I made my last stop at the Miradouro da Despe-te que Suas where the battery had about 20% left, and the battery temperature was still about 60%. This made me worry because it was just before the last hill, and this is the only big one. Despe-te que Suas means to undress yourself because getting through is a lot of effort (miradouro is viewpoint). This is my valley, our house is 2km away by foot. I call it sweaty valley. So I’m sitting here sweating that the Carver will start rolling backwards or explode or something halfway up the hill. I’m wondering if I can remove the battery, walk home and charge it and then walk back. I pontificated for half an hour and then decided to take the plunge. Temperature was lower, about 45%. I talked the Carver through, praising it and saying it can take, like, 10% of the power if it needs to! It made it, but could only manage about 20kph uphill, complaining about the battery being low and even had one temperature warning.

Miradouro da Despe-te que Suas

At the house I tested the horn and it’s bloody loud, so Graham came running out and we all celebrated. We needed to improvise to get it charged; our house is far from the street, so I won’t share what we got up to to manage, lol, but we will figure out a good solution once we own the house and can make modifications to the walkway. I’ll get a longer extension lead, for now. It took about 5 hours to charge – the R model charges faster, apparently. Again, this is not really a problem for me.

On the charging front, we also don’t quite trust our wiring (in addition to the dodgy plumbing) so Graham did some quick math to evaluate the load:
Carver Base Battery type: LFP Battery capacity: 5.4 kWh,
and the stated (and our experience of charging) 80%: in 4 hours, 100%: 5 hours:
To transfer 5.4kWh of energy takes 5 hours, so the rate is 5.4 / 5 = 1.08kW, or 1080W / 220V gives about 5A of charging current, which is decent and below the rating for our little extension cord.

Cost wise, going on what we believe is the price of electricity, 20.32 euro cents per kWh, fully charging the carver is 5.4kWh * 20.32 = 1.10€. That’s a good deal. In comparison a one-way trip in the rental car cost about 8EUR in petrol, give or take. With the noise and the stink and all that, but, granted, it’s good for hauling a day’s takings every once in a while.

“beauty is important to me” but somehow living in what is currently a bit of a “project” is totally fine. I dunno. Priorities. (Also I love my little hug house so don’t even start with me)

In summary. Half the stress about driving the thing all the way was my weird head. In my mind it is simultaneously a basic tiny little thing that would get crushed by cars and blown into the sea by the merest gust, and a big unwieldy thing that would refuse to obey my steering and fall over and crush me and have the battery die and roll backwards on the hills and just cause an inconvenience. Or be some con altogether and just fall to pieces as soon as I get in it.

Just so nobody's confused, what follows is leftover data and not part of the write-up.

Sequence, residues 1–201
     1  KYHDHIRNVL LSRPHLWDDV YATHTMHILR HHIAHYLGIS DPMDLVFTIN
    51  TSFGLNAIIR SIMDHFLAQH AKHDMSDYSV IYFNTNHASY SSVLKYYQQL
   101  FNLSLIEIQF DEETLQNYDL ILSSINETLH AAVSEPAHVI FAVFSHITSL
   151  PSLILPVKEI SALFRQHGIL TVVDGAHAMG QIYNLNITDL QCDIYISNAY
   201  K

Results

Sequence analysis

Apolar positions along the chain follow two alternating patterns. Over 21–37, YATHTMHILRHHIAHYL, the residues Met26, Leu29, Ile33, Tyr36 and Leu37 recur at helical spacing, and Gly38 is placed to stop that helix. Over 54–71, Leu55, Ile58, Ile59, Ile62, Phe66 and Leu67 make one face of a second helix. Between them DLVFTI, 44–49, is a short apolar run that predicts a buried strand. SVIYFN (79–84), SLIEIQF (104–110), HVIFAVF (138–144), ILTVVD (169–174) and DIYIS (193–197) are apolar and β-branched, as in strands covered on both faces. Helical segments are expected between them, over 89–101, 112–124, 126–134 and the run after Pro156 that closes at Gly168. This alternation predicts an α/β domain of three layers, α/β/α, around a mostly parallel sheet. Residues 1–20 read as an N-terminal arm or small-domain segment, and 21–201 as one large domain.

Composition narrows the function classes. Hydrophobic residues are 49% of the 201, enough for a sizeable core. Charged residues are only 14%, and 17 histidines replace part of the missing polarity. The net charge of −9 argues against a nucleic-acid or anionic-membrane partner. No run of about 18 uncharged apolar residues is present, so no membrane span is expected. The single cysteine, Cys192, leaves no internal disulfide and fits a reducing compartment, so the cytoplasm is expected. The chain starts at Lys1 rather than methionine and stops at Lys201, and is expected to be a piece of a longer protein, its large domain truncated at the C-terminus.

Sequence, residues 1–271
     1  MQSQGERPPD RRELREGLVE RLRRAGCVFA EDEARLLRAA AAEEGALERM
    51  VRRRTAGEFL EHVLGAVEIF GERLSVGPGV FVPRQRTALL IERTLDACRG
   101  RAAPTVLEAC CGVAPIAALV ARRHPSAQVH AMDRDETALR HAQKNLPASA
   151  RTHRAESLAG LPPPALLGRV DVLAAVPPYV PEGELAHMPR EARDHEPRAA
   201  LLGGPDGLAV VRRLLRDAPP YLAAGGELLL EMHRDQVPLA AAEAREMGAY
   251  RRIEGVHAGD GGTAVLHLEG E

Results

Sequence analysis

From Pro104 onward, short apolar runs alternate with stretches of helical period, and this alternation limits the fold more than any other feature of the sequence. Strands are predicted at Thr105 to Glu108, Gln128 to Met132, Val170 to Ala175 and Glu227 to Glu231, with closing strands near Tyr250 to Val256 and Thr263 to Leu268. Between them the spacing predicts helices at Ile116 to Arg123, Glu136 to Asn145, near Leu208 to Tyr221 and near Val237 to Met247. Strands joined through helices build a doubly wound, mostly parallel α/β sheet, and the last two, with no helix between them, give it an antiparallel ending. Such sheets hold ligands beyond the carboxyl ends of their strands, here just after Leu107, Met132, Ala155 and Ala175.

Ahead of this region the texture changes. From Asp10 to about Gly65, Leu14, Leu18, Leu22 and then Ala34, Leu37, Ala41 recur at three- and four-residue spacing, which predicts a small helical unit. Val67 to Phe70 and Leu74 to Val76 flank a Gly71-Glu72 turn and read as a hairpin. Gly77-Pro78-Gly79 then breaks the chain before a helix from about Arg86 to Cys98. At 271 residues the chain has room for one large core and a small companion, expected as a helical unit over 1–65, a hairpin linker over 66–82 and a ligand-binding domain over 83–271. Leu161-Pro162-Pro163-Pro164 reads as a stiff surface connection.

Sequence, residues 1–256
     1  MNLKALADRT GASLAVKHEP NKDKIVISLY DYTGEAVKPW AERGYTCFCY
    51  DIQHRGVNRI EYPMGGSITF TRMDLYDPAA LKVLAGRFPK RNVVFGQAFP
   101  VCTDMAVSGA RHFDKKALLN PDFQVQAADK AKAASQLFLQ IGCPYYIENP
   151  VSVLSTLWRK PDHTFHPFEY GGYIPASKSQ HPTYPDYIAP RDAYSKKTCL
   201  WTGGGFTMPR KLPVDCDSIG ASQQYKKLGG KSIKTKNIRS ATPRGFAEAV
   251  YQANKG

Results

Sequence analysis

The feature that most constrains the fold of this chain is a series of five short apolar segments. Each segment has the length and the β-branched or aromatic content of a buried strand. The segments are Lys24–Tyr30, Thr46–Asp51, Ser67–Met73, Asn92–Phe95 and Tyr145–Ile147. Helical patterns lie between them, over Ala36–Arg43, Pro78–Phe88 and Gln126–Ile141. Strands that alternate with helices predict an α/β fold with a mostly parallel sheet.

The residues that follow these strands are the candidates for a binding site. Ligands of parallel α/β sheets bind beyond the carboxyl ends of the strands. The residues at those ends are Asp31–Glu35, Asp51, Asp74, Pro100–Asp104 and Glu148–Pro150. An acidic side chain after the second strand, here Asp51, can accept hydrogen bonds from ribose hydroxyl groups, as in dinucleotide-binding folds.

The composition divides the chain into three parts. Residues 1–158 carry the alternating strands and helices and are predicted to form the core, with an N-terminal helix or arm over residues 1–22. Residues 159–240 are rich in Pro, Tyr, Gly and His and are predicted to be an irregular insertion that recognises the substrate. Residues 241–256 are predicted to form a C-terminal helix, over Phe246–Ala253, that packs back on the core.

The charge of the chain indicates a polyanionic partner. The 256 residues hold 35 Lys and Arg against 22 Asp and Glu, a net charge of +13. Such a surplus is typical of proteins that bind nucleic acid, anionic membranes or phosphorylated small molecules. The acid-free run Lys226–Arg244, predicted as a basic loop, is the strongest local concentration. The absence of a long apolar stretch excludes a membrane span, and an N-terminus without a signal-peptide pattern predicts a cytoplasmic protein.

It was none of those things. It cruised perfectly and smoothly and obediently and beautifully, drawing cheers and wows and thrilled children and old men as it went. Cars slowed down next to me to take a good look. I love it. I LOVE IT. I saw two Renault Twizy’s the past two days, they’re getting back into production, and they’re not bad vehicles. But the Carver draws stares in a way the Twizy does not. And, turns out, beauty is important to me.

One negative: I think the windows are a design flaw; they’re heavy and the doors don’t close as effortlessly when they’re in. They’re also an all-in or all-out option so you can’t close them while driving, for example. I think I will hack a canvas/plastic jobbie because I prefer driving windowless, but the rain here does come often and at a moment’s notice. That’s the only negative I can see on this vehicle. EDIT: looking at the Carver website, this seems to have been fixed to some sort of sliding window, so, the only negative is not even relevant anymore. Honestly. Get one. Club together with a few friends and share it if you need to; it is expensive, but it’s worth it. Absolutely worth it.

2 Replies to “My Carver, my Azores”

  1. How money cost a used carver for handicaped person who need one to déplace not expensive to import it in Tunisia

    1. Hi, the Carver is still very new so I don’t think there’s many second-hand models out there. It’s also not that straight-forward to get in and out if you have mobility issues. However, I think the Canta could work for you: and There is also the Kenguru: